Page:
The closure of the ILF. By Sarah Whatley

Today, realising that I had forgotten the clock change, I listened to a ‘point of view’ on Radio 4 as I was waking up and was very pleased to hear the voice of Tom Shakespeare, writer and Senior Lecturer, Norwich Medical School, UEA. He began with an interesting comparison – the Royal Family and disabled people. Why? Because as he so eloquently pointed out, both groups of people traditionally live in segregated residential settings, attend special schools, rarely do paid work, are looked after 24/7 and are stared at by strangers in public. The point he wanted to make was that physical dependency is not the same as social dependency.

This brief recall of this stimulating start to my Sunday in no way does justice to the richness of his words but the ‘take away’ message was clear and direct. We are losing the Independent Living Fund (ILF) in the next few months, the fund that pays for people with disabilities to pay for personal assistants, providing care and support to enable people to live autonomously. The loss of the fund will prevent many people with physical and intellectual impairments from living an independent life and playing a full role in society. The price of care/support at home will be largely unaffordable for Local Authorities who will assume responsibilities for finding the finances when the anomalous funding in the form of the ILF from Government ceases this year. Many of those same people will find that they will have no choice but to be placed in residential care (as Shakespeare pointed out, a recent survey found that ‘four out of five adults in residential care were in their pyjamas by 8.30pm every night’).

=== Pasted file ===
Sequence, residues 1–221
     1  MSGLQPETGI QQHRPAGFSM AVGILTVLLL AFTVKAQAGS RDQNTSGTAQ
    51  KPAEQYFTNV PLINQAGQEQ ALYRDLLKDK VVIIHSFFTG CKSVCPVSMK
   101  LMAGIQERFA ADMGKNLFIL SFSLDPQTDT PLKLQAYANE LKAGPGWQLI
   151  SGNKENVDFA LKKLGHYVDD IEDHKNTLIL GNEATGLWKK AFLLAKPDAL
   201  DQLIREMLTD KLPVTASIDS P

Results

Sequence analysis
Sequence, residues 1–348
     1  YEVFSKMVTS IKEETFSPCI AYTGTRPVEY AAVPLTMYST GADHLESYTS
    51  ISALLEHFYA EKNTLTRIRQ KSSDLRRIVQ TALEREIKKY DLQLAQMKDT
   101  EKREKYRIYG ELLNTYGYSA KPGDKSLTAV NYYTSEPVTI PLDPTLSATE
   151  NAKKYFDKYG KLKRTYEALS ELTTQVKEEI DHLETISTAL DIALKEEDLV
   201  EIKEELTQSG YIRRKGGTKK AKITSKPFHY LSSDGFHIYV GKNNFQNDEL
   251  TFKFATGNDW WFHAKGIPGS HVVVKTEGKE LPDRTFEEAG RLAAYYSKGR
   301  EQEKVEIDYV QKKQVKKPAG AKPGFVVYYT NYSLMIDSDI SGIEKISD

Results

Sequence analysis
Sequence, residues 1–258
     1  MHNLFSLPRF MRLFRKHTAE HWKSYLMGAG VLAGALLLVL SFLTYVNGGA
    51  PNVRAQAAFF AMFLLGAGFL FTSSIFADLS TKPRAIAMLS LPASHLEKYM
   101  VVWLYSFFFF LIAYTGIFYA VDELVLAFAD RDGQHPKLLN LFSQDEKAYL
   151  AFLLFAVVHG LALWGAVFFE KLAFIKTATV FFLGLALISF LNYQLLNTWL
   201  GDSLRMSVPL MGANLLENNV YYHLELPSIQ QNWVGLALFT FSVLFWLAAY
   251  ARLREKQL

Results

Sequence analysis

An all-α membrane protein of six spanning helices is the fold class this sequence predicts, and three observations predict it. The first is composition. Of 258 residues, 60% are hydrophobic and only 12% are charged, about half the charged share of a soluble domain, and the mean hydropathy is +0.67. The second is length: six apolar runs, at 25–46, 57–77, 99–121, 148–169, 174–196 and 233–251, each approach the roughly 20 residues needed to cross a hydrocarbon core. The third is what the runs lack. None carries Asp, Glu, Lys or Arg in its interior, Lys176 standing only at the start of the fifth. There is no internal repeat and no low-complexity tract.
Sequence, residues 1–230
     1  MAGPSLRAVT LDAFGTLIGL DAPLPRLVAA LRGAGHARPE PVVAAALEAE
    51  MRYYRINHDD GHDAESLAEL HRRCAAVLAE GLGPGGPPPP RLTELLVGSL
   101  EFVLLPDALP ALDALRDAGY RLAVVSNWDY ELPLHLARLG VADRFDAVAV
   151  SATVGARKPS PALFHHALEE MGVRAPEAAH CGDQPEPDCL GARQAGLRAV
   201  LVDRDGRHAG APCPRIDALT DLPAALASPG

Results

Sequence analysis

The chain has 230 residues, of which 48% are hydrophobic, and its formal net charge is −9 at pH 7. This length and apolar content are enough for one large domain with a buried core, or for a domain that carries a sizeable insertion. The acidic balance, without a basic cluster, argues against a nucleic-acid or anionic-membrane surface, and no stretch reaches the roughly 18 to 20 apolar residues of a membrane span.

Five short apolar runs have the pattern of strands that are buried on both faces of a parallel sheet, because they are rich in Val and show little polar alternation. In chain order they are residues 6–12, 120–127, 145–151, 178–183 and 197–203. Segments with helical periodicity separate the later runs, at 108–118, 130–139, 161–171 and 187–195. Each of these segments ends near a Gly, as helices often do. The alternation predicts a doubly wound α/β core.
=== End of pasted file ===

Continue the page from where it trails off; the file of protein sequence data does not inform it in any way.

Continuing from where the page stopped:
He reminded us of Paul Hunt who in the 1970s brought attention to the right for people with disabilities to live independently. He, along with others, campaigned against segregation – fighting for the right to live independently, thereby breaking the link between physical and social dependency. We have come along way since then but this right to independence is now under threat. Disabled people will receive lower levels of funding after the demise of the ILF. Some will lose all their funding, some will have minimum support, which will severely limit their ability to participate in the community as they have before. Once again Article 19 of the UN Convention on the Rights of Persons with Disabilities will be cited but will it really make a difference when funding is so limited and local authority budgets are so stretched? Shakespeare warns us that some councils are likely to decide that the ‘price of independence is not worth paying’, threatening the rights of people that Hunt campaigned so hard for. Like the Royal Family, Shakespeare reminds us, disability is an accident of birth. The figure Shakespeare gave was that we would only need to find £6 per annum per head of population to preserve the equivalent of the ILF and to cover the costs of those with greatest need to live independently. Is this really a cost too high?

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